Keep initial training sessions short and sweet. Puppies have short attention spans. 5 minutes of play or training followed by naptime prevents overstimulation.

Set up a cozy, den-like area with familiar bedding and toys where your puppy can relax when over-tired. Respect when they retreat here.

Take them on walks and car rides. New, positive experiences together strengthen your bond as their trusted companion. Bring treats and praise good behavior.

Pro Tip: Add your puppy to your existing dog’s routine gradually. Scheduling separate walks, training, and playtimes prevents tension. Meet outdoors on neutral territory initially. 

Signs Your Dog Trusts You

How can you tell when your hard work is paying off and your dog truly trusts you? 

Here are the signs to look for:

  • Relaxed body language: A trusting dog will have loose muscles, a wagging tail, and soft facial expressions.
  • Coming when called: If your dog responds reliably to their name or “come” cue, it’s a sign they see you as the leader.
  • Willingness to be handled: Dogs who trust allow handling of paws, ears, teeth, and body without fear or aggression.
  • Eye contact: Frequent glancing at you for guidance shows confidence in the relationship.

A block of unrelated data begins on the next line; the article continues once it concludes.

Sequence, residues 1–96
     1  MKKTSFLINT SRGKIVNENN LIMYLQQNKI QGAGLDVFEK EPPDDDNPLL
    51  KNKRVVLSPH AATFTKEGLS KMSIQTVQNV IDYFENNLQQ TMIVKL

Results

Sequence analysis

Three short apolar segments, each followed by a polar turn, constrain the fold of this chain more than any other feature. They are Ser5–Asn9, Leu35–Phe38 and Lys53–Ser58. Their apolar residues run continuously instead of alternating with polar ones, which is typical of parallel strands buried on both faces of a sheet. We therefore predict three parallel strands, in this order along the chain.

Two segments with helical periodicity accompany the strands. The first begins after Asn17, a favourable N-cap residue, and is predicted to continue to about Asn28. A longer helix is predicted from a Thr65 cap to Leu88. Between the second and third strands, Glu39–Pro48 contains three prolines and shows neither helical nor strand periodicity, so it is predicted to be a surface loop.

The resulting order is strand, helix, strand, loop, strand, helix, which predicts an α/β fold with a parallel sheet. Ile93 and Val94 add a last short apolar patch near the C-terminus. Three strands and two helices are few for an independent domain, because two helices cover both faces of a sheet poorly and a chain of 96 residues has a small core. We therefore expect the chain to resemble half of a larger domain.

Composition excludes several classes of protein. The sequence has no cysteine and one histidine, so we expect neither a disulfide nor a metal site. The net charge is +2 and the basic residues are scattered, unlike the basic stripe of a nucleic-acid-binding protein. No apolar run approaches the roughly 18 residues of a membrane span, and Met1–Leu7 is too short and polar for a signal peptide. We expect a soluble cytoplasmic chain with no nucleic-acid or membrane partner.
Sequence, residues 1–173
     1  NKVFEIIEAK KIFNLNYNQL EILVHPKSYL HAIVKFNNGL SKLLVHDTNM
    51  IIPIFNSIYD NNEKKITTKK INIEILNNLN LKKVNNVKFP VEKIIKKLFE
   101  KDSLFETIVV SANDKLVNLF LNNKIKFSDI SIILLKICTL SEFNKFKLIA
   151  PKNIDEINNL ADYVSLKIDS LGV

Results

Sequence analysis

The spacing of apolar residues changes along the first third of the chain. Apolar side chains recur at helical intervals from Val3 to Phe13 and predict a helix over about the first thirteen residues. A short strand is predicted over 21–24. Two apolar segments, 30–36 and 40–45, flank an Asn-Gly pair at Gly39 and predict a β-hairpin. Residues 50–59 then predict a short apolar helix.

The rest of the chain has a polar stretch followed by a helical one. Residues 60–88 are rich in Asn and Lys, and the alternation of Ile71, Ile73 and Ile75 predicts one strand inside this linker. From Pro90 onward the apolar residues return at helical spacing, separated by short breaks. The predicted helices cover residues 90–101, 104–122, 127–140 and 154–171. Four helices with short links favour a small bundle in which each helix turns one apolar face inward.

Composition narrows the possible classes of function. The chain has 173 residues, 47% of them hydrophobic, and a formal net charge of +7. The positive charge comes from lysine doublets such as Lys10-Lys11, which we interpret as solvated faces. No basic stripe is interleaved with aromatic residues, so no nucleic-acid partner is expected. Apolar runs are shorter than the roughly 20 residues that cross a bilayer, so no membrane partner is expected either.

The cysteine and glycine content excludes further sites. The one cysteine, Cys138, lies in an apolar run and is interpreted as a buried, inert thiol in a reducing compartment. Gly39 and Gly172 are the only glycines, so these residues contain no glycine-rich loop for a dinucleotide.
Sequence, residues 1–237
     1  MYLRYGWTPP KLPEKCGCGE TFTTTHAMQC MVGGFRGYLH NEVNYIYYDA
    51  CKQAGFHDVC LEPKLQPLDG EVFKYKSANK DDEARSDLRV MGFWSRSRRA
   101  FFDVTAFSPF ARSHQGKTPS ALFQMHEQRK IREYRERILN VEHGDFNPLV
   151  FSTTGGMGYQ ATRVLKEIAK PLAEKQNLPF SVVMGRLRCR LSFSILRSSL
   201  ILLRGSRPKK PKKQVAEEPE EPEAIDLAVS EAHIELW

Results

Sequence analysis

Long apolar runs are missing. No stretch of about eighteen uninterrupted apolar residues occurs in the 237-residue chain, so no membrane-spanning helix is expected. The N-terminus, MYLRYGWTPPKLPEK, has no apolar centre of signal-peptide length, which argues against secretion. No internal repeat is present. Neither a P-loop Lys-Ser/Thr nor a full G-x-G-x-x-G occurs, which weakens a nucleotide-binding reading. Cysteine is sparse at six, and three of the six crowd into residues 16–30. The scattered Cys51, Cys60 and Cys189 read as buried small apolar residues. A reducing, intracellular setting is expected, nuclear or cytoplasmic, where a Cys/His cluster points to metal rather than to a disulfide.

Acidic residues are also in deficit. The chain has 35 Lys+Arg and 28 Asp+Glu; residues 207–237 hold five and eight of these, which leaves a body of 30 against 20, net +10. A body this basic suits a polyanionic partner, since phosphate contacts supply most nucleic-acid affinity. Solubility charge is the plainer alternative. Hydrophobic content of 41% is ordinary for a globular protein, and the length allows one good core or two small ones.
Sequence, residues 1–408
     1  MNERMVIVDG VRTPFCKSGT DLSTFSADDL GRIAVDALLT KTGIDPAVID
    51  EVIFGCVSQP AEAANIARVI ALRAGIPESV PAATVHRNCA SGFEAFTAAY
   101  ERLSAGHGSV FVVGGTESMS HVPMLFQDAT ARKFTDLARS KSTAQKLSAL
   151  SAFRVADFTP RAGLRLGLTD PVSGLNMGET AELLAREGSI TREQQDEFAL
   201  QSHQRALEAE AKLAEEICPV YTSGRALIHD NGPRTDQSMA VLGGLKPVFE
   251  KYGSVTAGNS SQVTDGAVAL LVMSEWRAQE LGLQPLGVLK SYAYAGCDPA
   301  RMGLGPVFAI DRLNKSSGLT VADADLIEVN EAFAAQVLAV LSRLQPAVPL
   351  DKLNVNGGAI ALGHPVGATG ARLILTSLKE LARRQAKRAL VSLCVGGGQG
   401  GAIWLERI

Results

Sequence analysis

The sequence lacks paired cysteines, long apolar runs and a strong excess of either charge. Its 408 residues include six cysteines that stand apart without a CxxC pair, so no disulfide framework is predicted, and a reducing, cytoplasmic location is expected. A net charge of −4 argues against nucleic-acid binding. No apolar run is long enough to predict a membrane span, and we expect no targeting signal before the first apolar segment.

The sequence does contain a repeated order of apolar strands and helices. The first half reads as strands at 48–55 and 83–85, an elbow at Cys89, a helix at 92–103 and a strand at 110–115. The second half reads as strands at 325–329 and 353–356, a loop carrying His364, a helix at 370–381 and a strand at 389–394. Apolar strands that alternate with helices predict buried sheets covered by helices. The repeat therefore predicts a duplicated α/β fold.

• Playfulness: Play bows, bringing toys to you, or leaning into pets all demonstrate your dog feels safe to be silly and vulnerable.
  • Offers behaviors unprompted: When your dog starts automatically sitting, lying down, or staying without a cue, they understand these behaviors earn rewards with you.
  • Seeks out your presence: Dogs who trust are happy to be with you, follow you around, and sit close to your side or at your feet.
  • Relaxed in public: Dogs who look to you for guidance and reassurance in new situations trust your ability to handle interactions.

Seeing these trust-building behaviors emerge is so heartwarming. It means your dog sees their human as their trusted leader and secure base. Maintaining that special bond should motivate you to continue using positive, reward-based training.

Common Mistakes That Destroy Trust

Building trust requires patience and proper techniques. Some common mistakes actually undermine relationships between dogs and humans.

Be sure to avoid:

  • Punishing fearful behaviors: This increases insecurity and fearfulness.
  • Forcing interactions: Let shy dogs approach new things at their own pace.
  • Moving too quickly with anxious dogs: Slow down and wait for the dog’s comfort level to guide next steps.
  • Failing to establish structure: Dogs feel unsure without routines, rules, and predictability.
  • Using a harsh tone of voice: Yelling frightens dogs and harms trust.
  • Making introductions too soon: Wait until a new dog is secure with family before adding visitors or strangers.